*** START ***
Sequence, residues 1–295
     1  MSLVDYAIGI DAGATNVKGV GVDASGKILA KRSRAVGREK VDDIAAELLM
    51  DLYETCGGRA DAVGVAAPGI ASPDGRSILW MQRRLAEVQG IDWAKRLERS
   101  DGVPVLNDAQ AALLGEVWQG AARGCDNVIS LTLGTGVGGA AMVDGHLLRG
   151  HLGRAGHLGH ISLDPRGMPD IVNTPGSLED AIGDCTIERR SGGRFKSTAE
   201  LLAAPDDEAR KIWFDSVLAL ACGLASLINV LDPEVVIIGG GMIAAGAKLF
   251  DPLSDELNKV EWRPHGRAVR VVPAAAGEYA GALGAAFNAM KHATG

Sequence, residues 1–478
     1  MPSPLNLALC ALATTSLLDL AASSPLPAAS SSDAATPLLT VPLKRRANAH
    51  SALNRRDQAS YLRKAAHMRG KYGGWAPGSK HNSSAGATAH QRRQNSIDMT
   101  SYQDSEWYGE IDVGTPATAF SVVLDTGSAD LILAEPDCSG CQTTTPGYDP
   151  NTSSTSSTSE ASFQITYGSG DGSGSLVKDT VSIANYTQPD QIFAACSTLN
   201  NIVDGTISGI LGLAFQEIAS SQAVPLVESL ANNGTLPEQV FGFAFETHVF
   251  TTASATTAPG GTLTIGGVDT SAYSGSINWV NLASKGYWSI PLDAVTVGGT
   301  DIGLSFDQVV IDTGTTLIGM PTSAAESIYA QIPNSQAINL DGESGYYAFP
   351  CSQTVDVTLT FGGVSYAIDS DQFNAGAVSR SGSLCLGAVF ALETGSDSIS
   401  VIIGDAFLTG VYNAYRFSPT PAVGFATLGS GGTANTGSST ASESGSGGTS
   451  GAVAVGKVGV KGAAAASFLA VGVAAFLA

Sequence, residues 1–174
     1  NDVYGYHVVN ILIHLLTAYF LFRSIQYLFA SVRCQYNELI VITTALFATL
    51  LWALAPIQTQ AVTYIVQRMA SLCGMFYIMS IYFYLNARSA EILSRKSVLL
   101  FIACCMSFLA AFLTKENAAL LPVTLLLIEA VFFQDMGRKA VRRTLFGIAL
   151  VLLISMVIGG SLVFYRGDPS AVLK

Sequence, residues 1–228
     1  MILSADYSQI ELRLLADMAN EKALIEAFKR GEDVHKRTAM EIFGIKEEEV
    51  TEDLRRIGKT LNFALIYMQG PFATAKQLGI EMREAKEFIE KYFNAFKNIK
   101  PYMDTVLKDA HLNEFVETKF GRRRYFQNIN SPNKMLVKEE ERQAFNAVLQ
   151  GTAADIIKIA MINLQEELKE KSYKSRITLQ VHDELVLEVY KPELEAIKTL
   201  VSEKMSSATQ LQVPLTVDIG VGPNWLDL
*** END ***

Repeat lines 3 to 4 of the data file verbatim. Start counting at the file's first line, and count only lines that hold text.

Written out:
    51  DLYETCGGRA DAVGVAAPGI ASPDGRSILW MQRRLAEVQG IDWAKRLERS
   101  DGVPVLNDAQ AALLGEVWQG AARGCDNVIS LTLGTGVGGA AMVDGHLLRG